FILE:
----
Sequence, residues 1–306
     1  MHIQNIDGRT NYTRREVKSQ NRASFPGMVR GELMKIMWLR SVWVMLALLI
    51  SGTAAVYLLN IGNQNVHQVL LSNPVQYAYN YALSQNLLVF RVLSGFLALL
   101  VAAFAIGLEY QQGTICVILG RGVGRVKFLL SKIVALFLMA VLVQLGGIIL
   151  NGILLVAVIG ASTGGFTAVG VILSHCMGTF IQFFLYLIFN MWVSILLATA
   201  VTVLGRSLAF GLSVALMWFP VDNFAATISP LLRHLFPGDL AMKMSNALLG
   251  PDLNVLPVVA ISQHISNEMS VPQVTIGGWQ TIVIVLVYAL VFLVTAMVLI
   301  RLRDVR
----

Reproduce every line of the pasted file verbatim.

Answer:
Sequence, residues 1–306
     1  MHIQNIDGRT NYTRREVKSQ NRASFPGMVR GELMKIMWLR SVWVMLALLI
    51  SGTAAVYLLN IGNQNVHQVL LSNPVQYAYN YALSQNLLVF RVLSGFLALL
   101  VAAFAIGLEY QQGTICVILG RGVGRVKFLL SKIVALFLMA VLVQLGGIIL
   151  NGILLVAVIG ASTGGFTAVG VILSHCMGTF IQFFLYLIFN MWVSILLATA
   201  VTVLGRSLAF GLSVALMWFP VDNFAATISP LLRHLFPGDL AMKMSNALLG
   251  PDLNVLPVVA ISQHISNEMS VPQVTIGGWQ TIVIVLVYAL VFLVTAMVLI
   301  RLRDVR